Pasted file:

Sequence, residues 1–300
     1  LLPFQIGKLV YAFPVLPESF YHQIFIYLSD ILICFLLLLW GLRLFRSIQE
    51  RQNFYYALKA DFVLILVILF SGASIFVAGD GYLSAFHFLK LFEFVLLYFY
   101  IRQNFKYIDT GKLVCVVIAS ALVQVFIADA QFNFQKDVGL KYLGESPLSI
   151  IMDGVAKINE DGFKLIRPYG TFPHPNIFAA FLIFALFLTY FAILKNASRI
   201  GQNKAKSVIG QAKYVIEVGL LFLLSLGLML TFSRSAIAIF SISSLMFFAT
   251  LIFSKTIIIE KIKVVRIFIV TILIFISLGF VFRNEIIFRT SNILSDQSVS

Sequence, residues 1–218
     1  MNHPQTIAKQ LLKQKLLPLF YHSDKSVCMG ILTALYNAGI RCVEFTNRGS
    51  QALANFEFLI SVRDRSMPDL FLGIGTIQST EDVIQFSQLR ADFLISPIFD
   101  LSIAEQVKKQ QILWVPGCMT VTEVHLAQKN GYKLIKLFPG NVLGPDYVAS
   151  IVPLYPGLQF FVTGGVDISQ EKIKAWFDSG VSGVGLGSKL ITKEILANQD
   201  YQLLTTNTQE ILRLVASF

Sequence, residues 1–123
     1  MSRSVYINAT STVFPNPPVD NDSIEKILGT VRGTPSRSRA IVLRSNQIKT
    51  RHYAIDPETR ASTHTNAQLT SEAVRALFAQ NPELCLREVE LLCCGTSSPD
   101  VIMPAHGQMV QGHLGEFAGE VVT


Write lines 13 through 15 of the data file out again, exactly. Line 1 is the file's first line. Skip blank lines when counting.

   201  YQLLTTNTQE ILRLVASF

Sequence, residues 1–123
     1  MSRSVYINAT STVFPNPPVD NDSIEKILGT VRGTPSRSRA IVLRSNQIKT